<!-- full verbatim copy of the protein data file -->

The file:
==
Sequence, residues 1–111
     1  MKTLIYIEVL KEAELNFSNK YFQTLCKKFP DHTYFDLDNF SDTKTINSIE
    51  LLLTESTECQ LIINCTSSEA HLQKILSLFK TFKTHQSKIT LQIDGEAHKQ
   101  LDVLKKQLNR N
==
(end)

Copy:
Sequence, residues 1–111
     1  MKTLIYIEVL KEAELNFSNK YFQTLCKKFP DHTYFDLDNF SDTKTINSIE
    51  LLLTESTECQ LIINCTSSEA HLQKILSLFK TFKTHQSKIT LQIDGEAHKQ
   101  LDVLKKQLNR N